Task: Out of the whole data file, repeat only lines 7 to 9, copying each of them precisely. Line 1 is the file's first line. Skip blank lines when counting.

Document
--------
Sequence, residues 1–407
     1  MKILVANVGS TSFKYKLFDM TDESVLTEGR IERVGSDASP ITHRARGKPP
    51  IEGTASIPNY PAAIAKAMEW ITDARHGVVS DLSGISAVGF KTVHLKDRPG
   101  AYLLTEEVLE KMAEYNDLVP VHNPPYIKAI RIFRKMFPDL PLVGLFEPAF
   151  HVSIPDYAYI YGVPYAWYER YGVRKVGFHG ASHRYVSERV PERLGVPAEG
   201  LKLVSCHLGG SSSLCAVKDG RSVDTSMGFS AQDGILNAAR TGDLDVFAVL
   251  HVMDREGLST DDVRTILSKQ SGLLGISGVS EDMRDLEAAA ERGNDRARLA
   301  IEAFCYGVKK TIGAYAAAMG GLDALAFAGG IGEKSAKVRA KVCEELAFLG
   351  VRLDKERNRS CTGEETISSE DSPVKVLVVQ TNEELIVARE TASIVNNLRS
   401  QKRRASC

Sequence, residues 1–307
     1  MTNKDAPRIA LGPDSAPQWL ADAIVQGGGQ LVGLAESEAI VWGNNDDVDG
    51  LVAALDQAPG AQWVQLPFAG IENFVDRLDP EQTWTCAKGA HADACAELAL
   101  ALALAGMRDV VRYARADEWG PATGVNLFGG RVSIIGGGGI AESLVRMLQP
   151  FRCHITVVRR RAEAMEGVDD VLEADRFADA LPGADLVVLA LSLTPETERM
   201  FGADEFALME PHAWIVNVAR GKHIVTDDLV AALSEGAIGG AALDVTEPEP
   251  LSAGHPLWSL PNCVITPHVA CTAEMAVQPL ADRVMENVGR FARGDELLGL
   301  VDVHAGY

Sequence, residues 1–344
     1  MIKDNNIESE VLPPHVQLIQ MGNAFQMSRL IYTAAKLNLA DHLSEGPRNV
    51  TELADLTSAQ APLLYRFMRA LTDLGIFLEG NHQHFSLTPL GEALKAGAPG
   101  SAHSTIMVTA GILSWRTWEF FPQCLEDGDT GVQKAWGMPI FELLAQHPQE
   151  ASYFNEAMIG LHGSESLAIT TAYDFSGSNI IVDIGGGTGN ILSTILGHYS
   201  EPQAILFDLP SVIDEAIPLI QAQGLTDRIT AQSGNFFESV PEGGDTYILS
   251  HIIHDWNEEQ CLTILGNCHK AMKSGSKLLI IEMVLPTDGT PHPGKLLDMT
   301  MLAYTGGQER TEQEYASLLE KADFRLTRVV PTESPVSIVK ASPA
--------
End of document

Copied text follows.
   251  HVMDREGLST DDVRTILSKQ SGLLGISGVS EDMRDLEAAA ERGNDRARLA
   301  IEAFCYGVKK TIGAYAAAMG GLDALAFAGG IGEKSAKVRA KVCEELAFLG
   351  VRLDKERNRS CTGEETISSE DSPVKVLVVQ TNEELIVARE TASIVNNLRS